Are we still living in a merit based society?

San Francisco culture of mutual support helped create great opportunities for entrepreneurs to achieve their dreams.

Since before the formation of this country by great men like Benjamin Franklin one of the best parts of living on this continent is that everyone has a chance to create the life they want to have. Benjamin Franklin is a great example of someone who grew up in a modest home, ventured out on his own to become a very wealthy world leader. Self-educated Abe Lincoln is another example of a young half orphan who made his own way in the world, reaching great achievements as a lawyer and US president. Andrew Carnegie was born into a Scottish weaver’s family that shared a one room house with their neighbors. Yet, later in the US he became synonymous with the Gilded Age. John D. Rockefeller who as the son of a con man and a very religious mother started out as a bookkeeper built one of the greatest wealth an American family ever enjoyed. He is quoted as saying: “The growth of a large business is merely a survival of the fittest”. Even though he was a very tough and sometimes ruthless competitor he ended up donating more than $500 million to various philanthropic causes. Back in his days this was quite a lot of money.

In recent history we have Steve Jobs, the son of a Syrian refugee, was adopted and started his career in the warehouse. Ray Kroc started as an ambulance driver at 15 years old and later started McDonald’s corporation, considered one of the fastest growing companies. Sarah Breedlove, later known by one of her married names Madam C. J. Walker’s parents and siblings were slaves, yet she became the first known African American female Millionaire. Andy Grove spent part of his childhood in a Nazi concentration camp and came to the US penniless when he had to flee Hungary from Soviet Oppression at age 20. Later he became associated with the success of Intel, a company he led to international success as its CEO. Arthur Rock’s dad had a candy store and Arthur’s education was possible thanks to the G.I. bill. Arthur Rock founded one of the first investment firms in Silicon Valley, called Davis & Rock. He is considered one of the founders of Silicon Valley. Eric Hippeau received a wonderful education in France and chose to come to the US to achieve his fame and fortune. He came to the US as an ad sales manager for IDG, before becoming publisher of PC Magazine, CEO of Ziff-Davis, Softbank, and now runs a very successful venture firm, Lerer Hippeau.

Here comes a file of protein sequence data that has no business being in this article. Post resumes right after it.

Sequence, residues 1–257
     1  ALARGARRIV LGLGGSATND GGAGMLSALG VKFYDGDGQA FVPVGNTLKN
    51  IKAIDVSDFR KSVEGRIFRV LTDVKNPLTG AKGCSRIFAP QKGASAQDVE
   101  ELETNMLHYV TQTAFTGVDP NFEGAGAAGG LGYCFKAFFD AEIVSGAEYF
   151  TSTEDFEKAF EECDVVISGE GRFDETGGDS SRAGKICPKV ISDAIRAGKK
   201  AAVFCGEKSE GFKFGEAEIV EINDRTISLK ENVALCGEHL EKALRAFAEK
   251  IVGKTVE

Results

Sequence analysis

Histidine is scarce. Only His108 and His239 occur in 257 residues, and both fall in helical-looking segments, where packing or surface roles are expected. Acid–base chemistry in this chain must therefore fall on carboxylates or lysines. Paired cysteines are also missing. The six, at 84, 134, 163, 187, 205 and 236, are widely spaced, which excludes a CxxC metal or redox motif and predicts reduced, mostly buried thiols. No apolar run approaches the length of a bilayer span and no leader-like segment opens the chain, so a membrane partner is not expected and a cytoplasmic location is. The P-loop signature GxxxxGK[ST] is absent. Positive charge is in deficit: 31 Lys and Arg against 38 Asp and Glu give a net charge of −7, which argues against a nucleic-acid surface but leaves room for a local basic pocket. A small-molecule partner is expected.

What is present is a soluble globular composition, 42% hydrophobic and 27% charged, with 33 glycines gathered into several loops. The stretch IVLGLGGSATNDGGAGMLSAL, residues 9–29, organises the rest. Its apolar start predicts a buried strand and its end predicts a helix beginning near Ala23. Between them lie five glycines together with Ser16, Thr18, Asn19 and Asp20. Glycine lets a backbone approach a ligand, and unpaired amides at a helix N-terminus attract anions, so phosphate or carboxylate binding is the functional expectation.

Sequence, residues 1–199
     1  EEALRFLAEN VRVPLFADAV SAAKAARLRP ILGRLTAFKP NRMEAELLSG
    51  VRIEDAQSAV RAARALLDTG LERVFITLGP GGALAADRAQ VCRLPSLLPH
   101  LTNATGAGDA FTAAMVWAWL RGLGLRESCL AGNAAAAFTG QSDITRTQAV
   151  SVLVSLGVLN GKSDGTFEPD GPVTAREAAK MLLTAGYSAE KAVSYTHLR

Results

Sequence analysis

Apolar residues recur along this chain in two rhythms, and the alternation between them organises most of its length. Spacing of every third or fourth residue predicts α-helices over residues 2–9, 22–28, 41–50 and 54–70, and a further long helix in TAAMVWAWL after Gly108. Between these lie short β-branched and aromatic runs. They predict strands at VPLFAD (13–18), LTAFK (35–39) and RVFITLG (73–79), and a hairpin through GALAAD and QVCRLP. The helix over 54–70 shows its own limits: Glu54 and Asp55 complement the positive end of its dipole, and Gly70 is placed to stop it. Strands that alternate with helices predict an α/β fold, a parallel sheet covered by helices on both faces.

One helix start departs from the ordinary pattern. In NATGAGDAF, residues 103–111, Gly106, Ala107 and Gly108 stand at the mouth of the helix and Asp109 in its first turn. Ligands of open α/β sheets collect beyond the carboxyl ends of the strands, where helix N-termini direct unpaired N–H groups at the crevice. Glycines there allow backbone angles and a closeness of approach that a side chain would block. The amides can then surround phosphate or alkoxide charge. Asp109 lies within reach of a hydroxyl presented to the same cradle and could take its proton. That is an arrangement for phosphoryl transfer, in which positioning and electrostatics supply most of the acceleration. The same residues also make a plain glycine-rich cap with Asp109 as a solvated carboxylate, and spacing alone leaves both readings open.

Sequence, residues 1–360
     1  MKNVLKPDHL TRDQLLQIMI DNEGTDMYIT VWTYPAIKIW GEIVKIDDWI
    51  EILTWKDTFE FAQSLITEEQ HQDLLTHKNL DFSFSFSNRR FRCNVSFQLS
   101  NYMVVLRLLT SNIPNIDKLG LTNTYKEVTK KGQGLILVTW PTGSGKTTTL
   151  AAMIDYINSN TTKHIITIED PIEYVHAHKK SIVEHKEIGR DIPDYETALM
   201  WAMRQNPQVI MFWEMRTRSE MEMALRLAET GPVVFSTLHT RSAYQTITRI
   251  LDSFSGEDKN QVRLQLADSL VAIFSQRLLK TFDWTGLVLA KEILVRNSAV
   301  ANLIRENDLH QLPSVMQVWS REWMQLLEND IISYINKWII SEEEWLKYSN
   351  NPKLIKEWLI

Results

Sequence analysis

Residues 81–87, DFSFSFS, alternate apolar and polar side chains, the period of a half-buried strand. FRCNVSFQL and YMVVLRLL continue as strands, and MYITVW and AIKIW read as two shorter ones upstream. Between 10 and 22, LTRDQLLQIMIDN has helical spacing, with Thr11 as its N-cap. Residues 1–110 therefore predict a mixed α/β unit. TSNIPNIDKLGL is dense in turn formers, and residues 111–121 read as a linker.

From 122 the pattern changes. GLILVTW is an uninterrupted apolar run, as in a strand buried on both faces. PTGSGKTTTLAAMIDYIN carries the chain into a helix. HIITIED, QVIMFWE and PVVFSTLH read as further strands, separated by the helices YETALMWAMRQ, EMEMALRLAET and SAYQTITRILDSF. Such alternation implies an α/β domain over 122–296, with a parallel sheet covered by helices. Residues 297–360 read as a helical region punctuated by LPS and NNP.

In the US if you work hard and smart you can succeed. Yes, it is quite clear that in most cases being well educated or rather being able to educate yourself and re-educate yourself is a prerequisite for success. And yes, it possible to reach amazing success in the United States, regardless of background and family ties.

Is it easier to achieve success when you have a loving and supportive family that can afford to pay for a great education and make wonderful introductions? Of course, it is. Is it harder for children who have to overcome the long-term physiological and psychological challenges of ACE (Adverse Childhood Experiences)? Yes, it is harder. However, it is possible. This is what is unique about the USA. Many businesses in the US are merit based, especially in California.